Worcester Warriors rugby club rescued in last minute deal

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deal finalised
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Peninsula Team, Peninsula Team

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Following a torrid 18 months and almost certain collapse, Worcester Warriors Rugby Club has been rescued in a last minute deal

Experts from business advisory firm Quantuma have completed a pre-pack administration sale to Junction 6 Limited, a consortium backed by Loxwood Holdings.

Junction 6 was incorporated on 20 February and has a sole director, Chris Holland, who is also the owner of Loxwood.

The deal sees the future of Atlas Worcester Warriors Rugby Club secured, saving more than 60 jobs. However, the men and women rugby teams have not played at the ground since the club went bust in 2022, although Worcester City women’s team does play at the stadium.

Quantuma managing directors, Brian Burke and Andrew Watling were appointed as joint administrators of Atlas on 24 April 2024. Atlas briefly owned Worcester Warriors Rugby Club for about a year after its initial collapse.

Worcester Warriors first collapsed into administration in September 2022 after failing to provide proof of insurance cover, adequate funding to pay players and staff, and a lack of a future plan. At the time the club had debts of £25m, including at least £6m in unpaid tax, which was never paid.

Hopes for the future of the club were temporarily lifted when Worcester Warriors’ stadium and the surrounding land was sold to Atlas for £2m in February 2023.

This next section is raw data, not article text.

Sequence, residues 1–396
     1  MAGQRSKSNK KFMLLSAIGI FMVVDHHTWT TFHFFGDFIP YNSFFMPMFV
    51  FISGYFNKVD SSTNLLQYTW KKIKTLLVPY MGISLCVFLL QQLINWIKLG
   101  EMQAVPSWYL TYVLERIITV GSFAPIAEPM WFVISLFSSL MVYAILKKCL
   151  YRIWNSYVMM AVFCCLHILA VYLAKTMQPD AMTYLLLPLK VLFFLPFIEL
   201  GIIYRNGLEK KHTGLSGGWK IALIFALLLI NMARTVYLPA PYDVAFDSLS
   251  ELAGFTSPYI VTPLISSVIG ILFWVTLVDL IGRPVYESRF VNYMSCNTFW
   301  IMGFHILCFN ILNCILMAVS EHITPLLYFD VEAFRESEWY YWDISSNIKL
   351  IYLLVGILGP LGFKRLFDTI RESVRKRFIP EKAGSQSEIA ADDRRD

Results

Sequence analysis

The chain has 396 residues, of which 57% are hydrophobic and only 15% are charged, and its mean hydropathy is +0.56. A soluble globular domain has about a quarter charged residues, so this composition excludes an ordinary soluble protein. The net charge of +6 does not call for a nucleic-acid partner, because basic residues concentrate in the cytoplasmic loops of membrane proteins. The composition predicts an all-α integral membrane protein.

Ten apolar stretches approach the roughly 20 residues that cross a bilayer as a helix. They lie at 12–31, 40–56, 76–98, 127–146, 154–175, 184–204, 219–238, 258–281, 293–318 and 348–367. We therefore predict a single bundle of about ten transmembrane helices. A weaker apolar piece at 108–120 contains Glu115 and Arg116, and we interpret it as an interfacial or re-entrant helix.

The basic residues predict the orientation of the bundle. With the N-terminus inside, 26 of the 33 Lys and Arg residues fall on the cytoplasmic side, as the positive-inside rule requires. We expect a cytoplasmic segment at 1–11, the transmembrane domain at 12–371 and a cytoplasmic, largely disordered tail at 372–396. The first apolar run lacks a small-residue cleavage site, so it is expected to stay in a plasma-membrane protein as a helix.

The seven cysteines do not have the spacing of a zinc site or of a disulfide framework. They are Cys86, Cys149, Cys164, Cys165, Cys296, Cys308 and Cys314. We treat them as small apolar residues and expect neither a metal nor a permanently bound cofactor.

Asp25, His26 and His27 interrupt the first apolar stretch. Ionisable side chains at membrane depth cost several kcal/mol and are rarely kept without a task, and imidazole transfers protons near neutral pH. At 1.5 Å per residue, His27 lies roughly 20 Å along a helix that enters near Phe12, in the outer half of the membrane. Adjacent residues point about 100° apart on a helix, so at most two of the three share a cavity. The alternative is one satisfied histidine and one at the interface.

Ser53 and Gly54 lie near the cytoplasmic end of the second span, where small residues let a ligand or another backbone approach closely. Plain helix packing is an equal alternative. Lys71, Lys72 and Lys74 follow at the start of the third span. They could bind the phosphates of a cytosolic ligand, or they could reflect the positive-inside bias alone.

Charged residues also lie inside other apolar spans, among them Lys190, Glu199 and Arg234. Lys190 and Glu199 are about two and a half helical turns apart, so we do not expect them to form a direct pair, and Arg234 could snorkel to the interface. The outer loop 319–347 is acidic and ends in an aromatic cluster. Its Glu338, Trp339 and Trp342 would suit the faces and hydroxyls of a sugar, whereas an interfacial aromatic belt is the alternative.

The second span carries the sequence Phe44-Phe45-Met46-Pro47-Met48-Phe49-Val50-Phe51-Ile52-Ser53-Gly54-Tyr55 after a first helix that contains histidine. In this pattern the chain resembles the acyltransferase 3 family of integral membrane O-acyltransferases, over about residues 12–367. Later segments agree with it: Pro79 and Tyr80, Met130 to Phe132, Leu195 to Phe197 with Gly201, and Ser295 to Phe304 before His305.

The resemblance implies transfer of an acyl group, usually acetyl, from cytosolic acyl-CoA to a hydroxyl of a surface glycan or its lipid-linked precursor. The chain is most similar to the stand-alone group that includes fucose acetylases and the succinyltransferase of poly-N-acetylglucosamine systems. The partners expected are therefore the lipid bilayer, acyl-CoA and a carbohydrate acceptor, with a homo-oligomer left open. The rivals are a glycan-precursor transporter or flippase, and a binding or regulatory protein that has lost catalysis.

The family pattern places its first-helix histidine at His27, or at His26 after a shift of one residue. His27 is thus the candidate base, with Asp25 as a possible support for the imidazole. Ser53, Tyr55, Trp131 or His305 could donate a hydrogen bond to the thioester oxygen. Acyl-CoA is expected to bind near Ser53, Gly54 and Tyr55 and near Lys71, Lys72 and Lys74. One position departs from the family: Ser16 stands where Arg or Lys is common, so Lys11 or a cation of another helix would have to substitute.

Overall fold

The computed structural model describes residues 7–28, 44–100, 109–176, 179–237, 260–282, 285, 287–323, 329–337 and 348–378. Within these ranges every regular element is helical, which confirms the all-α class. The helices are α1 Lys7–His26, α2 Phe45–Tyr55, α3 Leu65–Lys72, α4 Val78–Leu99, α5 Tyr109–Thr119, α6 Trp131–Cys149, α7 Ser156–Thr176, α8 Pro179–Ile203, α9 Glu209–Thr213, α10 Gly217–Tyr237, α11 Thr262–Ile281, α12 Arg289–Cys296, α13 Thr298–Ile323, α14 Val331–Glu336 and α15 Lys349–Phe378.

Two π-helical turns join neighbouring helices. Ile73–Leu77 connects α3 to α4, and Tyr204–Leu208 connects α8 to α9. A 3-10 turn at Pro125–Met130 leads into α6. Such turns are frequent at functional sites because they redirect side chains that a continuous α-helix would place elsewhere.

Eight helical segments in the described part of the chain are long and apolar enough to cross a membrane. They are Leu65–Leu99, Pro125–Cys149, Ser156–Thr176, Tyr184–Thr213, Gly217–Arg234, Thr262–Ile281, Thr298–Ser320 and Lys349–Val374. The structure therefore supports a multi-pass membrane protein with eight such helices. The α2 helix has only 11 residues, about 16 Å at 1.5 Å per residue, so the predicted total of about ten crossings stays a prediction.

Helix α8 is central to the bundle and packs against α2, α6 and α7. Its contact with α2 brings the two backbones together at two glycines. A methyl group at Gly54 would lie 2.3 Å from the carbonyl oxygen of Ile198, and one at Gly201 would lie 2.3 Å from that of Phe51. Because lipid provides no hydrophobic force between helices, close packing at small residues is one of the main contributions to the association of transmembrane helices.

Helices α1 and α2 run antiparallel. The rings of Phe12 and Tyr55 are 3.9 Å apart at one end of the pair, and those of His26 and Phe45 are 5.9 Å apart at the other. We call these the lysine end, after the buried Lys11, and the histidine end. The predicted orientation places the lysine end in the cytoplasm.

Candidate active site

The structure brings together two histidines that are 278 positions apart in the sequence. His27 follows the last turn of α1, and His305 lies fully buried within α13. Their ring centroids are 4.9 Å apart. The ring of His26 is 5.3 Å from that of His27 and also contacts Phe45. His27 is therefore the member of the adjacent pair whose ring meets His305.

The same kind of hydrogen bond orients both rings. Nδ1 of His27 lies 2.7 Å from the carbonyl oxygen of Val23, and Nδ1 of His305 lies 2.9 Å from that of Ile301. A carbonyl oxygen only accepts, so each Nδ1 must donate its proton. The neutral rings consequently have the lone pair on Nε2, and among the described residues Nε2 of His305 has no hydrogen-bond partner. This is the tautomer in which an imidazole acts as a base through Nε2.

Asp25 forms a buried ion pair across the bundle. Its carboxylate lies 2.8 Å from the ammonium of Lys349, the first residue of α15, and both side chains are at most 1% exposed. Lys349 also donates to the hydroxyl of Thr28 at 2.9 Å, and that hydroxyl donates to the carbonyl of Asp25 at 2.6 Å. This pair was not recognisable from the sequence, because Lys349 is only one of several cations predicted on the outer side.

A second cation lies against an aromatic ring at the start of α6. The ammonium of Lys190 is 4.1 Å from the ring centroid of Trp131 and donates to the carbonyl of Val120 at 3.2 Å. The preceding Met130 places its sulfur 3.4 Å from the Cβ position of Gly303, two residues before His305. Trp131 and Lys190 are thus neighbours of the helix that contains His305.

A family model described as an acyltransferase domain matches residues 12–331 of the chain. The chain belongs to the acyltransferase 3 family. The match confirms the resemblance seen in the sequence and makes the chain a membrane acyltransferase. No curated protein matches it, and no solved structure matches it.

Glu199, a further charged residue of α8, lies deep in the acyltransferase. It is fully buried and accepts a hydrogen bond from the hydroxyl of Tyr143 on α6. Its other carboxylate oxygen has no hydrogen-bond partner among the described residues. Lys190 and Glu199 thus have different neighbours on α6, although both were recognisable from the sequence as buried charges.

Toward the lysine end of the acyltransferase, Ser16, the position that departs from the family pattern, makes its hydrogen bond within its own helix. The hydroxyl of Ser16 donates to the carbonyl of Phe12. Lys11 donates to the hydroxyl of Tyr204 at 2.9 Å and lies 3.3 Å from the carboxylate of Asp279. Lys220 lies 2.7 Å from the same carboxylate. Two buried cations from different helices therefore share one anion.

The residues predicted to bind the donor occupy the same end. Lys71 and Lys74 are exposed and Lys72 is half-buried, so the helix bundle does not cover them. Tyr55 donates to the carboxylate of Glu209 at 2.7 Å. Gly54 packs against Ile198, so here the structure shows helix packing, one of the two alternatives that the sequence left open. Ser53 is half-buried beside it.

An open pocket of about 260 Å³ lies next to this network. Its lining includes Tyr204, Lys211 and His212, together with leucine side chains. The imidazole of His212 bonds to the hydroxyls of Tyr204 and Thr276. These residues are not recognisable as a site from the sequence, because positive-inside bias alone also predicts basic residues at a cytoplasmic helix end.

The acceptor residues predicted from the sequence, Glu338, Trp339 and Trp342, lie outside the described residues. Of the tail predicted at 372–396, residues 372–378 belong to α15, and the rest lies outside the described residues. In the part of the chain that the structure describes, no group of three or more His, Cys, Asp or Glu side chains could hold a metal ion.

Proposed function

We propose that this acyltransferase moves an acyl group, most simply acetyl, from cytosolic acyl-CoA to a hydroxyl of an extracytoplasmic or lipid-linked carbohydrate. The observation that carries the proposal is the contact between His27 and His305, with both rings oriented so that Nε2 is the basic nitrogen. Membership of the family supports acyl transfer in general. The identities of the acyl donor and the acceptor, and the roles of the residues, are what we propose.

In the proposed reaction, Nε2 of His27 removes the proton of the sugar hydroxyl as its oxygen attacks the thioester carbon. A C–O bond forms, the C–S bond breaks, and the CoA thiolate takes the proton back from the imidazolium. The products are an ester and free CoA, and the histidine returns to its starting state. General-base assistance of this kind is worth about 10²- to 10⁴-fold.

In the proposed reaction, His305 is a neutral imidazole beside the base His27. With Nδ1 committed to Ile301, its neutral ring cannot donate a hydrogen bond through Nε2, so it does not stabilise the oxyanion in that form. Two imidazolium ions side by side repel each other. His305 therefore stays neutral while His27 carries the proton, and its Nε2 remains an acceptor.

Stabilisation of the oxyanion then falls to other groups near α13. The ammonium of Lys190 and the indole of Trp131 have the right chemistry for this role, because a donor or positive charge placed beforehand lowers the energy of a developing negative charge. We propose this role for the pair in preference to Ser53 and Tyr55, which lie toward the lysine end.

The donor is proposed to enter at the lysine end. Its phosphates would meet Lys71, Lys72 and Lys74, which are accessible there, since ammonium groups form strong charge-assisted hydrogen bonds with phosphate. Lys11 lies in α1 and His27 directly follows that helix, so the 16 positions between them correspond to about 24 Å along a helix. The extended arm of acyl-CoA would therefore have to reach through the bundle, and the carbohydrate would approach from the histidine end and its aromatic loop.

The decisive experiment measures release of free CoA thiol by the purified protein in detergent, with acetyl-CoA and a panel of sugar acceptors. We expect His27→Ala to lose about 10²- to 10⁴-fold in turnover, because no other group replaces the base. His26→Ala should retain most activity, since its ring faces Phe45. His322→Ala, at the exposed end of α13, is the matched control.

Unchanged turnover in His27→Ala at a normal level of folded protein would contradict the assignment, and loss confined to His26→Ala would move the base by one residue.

This deal was part funded by Loxwood Holdings, part of a group that owns Wasps Rugby Football Club, which stepped in to financially help Atlas complete the purchase of Worcester Warriors from administrators.

This financial assistance was meant to be short-term to help support the eventual recovery of the club and allow Wasps a short-term option to play at Sixways Stadium in Worcester.

However, despite this financial support, which included funding to meet the operational costs of the stadium, Atlas failed to come up with the finances to complete the purchase outright, and so went into insolvency owing the club a further £1m in payment which it was unable to meet.

Last week the club again faced administration, although this time it was short lived. Shortly after Quantama was appointed last week it completed the sale of the business and assets to Junction 6 Limited, a company financed by Loxwood Holdings, in a pre-pack deal.

The purchaser of Atlas was a newly set up consortium, funded by Loxwood Holdings, which is majority owned by Chris Holland. The deal also has support from the local business community, several of whom have become shareholders in the new group, according to Quantuma.

Loxwood Holdings primarily focuses on companies that operate in the security, international risk management and aviation sectors.

Brian Burke, joint administrator and managing director at Quantuma, said: ‘The sale secures the continued trading operation of the stadium, with funding being provided to energise the commercial operation, and support active steps to return elite level rugby, as Worcester Warriors.


‘I am delighted to have achieved such a positive outcome, ultimately preserving all jobs, with no disruption to ongoing stadium operations. This also provides the opportunity to actively expand the operations at the stadium. We look forward to seeing Sixways become the thriving community asset that it can be.’

Chris Holland, director of Loxwood Holdings, said: ‘We would hope that the community will flood back to Sixways under its new ownership and support what is an amazing sporting and conference and events facility.

‘Professional sport is important to Sixways and to Worcester, and the support of the business community and the Warriors supporters is not taken for granted, and is of huge importance to us.’

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